At 37 completed gestational age, she had elective caesarean section under spinal anesthesia. The operative findings were: a clean pelvis, a gravid right horn with poorly formed, lower uterine segment, and smaller left horn of a bicornuate uterus [Figure 2], scanty clear liquor, a live male infant with birth weight 2.8 kg, apgar scores 6 and 9 at 1 and 5 minutes, respectively; the placenta was antero-fundal, the uterine tubes and the ovaries were grossly normal. The operative blood loss was 500 ml.
Figure 2: The exteriorized bicornuate uterus showing the Caesarean incision on the right horn of the bicornuate uterus after the delivery of the baby. The right horn that contained the baby is obviously bigger than the left

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Pediatrician assessment of the baby revealed that the fore foot of both legs were abducted and supinated, and high arched; there was also overriding of the second and fourth toes bilaterally, and mild pseudo-tallipes. The baby was admitted into the special care baby unit for observation.

The postoperative period was uneventful, and the patient was discharged home on 7 th postoperative day after removal of stitches.

The postnatal follow-up revealed no abnormality and the previously noted abnormality in the baby had resolved. The mother was counseled on family planning methods and encouraged to opt for a method as soon as possible, and she was discharged from postnatal clinic.


   Discussion Top


Bicornuate uterus was previously thought to be associated with infertility, [5] but recent studies have not confirmed such an association. [6] However, pregnancies in a bicornuate uterus are usually considered high-risk that require extra monitoring because of association with poor reproductive potential. Such adverse reproductive outcomes that has been found to be associated with the anomaly are recurrent pregnancy loss, preterm birth, malpresentations, and fetal deformity. [7]

The patient presented had a previous first trimester pregnancy loss, and the successful pregnancy being presented was associated with fetal limb deformity which was found to have resolved during postnatal follow-up. The fetal limb deformity might result from prolonged pressure on the limbs due to lack of space within the uterine horn where the fetal development took place. The inadequate room for rotation can also be the explanation for the fetal malpresentations that has been found to be associated with bicornuate uterus. [8] The cephalic presentation assumed by the fetus at the beginning of the third trimester was maintained till term in the case presented.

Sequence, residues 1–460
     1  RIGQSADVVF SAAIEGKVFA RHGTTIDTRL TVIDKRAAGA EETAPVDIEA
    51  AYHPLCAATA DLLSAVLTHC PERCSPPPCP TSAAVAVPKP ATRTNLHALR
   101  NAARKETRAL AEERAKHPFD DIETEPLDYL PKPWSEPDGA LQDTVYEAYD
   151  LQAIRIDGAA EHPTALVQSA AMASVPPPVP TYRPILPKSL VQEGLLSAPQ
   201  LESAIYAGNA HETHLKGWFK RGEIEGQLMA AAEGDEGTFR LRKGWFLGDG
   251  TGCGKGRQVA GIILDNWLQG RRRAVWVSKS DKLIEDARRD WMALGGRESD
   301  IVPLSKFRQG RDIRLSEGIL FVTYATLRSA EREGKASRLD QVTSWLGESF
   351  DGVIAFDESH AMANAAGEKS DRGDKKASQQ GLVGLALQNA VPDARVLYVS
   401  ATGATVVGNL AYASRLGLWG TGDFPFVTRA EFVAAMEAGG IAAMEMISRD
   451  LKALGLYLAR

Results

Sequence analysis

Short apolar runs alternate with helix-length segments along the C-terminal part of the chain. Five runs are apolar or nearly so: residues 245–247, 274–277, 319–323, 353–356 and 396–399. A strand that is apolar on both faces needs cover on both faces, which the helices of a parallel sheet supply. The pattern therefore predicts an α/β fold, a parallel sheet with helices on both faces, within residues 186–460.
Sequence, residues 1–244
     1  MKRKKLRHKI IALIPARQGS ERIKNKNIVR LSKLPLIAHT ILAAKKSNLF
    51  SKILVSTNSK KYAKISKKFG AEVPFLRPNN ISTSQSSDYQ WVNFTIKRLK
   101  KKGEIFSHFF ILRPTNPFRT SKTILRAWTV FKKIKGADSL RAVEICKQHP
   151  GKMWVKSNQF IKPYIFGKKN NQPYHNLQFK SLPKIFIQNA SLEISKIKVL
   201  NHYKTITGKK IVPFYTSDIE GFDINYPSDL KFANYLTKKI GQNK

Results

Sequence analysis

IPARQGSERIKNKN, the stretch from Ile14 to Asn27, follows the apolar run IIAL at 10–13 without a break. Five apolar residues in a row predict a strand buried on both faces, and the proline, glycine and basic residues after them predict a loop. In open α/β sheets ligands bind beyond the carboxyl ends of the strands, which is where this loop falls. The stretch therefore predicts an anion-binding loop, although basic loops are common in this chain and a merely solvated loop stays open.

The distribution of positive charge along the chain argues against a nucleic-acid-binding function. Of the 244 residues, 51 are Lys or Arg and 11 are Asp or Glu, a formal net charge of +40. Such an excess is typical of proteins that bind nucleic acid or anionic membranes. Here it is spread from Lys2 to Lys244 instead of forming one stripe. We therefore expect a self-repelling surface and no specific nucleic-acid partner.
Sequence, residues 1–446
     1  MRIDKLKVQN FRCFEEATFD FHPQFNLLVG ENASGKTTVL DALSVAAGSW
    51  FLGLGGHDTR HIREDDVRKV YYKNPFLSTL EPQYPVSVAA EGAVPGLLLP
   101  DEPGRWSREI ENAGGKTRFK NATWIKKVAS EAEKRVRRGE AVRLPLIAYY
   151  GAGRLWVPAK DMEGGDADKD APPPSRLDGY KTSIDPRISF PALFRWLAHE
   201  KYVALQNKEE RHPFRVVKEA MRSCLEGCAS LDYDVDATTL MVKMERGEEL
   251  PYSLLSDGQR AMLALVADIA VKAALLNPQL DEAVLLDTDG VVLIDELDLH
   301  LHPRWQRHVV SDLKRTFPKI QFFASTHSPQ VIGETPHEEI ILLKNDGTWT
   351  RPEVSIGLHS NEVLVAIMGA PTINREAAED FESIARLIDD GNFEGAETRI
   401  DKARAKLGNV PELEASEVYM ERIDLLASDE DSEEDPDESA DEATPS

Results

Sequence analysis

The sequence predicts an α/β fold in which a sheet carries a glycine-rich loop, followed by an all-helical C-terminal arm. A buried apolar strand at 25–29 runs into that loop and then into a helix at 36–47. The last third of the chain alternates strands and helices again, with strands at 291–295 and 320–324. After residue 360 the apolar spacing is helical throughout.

Preterm delivery due to cervical incompetence had been found to be associated with bicornuate uterus, [7] and this has led some workers to advocate routine cervical cerclage for pregnant bicornuate uterus and other uterine anomaly. [9] The patient being presented had carried two pregnancies to term without cervical cerclage, although the first pregnancy ended in intrauterine fetal death, which was unlikely to be related with the uterine anomaly. Several cases of successful term singleton and twins pregnancies had been reported without cervical cerclage. [3],[5],[8] Therefore, there may be need for a randomized controlled trial to determine the appropriateness of routine cervical cerclage for pregnant bicornuate uterus.

Bicornuate uterus is associated with adverse pregnancy outcome rather than infertility. The patient being discussed was diagnosed to have bicornuate uterus in the course of evaluation for infertility, therefore, bicornuate uterus may be an incidental finding in subfertile population, and this may account for its small contribution to infertility of all uterine anomalies. [3]

As in the case presented, several cases of successful pregnancies in bicornuate uterus had been reported without surgical correction of the anomaly, [5],[8] therefore, the Strassman metroplasty should be reserved for cases of bicornuate uterus with recurrent preterm delivery that is not responding to cervical cerclage. Successful term pregnancies had been reported following such surgical intervention. [10]

 
   References Top

1.Moore KL, Persaud TV, Torchia MG. The urogenital system. In: Before We Are Born: Essentials of Embryology and Birth Defects. 7 th ed. Philadelphia: Saunders/Elsevier; 2008. p. 162-189.  Back to cited text no. 1
    
2.Ammesse LS, Pfaff-Amesse T. Congenital anomalies of the reproductive tract. In: Falcone T, Hurd WW, editors. Clinical Reproductive Medicine and Surgery. 1 st ed. New York: Mosby; 2007. p. 171-190.  Back to cited text no. 2
    
3.Raga F, Bauset C, Remohi J, Bonille-Musa F, Simon C, Pellicar A. Reproductive impact of Congenital Müllerian anomalies. Hum Reprod 1997;12:2277-81.  Back to cited text no. 3
    
4.Nahum GG. Uterine anomalies. How common are they, and what is their distribution among subtypes? J Reprod Med 1998;43:877-87.  Back to cited text no. 4
    
5.Shwiqing M, Xuming B, Jingha L. Pregnancy and its outcome in women with malformed uterus. Chin Med Sci J 2002;17:242-5.  Back to cited text no. 5
    
6.Proctor JA, Hang AF. Recurrent first trimester pregnancy loss is associated with uterine septum but not with bicornuate uterus. Fertil Steril 2003;80:1212-5.  Back to cited text no. 6
    
7.Chan YY, Javaprakasan K, Tan A, Thanton JG, Coomarasamy A, Raine-Fenning NJ. Reproductive outcomes in women with congenital uterine anomalies: A systematic review. Ultrasound Obstet Gynecol 2011;38:371-82.  Back to cited text no. 7
    
8.Ekwempu CC, Ogbe EA. Persistent breech presentation in a bicornuate uterus: A case Report. J Med Trop 2011;13:145-6.  Back to cited text no. 8
    
9.Golan A, Langer R, Wexter S, Segey E, Niv D, David MP. Cervical cerclage-its role in the pregnant anomalous uterus. Int J Fertil 1990;35:164-70.  Back to cited text no. 9
    
10.Papp Z, Mezei G, Gavai M, Hupuezi P, Urbanesek J. Reproductive performance after transabdominal metroplasty: A review of 157 consecutive cases. J Reprod Med 2006;51:544-52.  Back to cited text no. 10
    


    Figures

  [Figure 1], [Figure 2]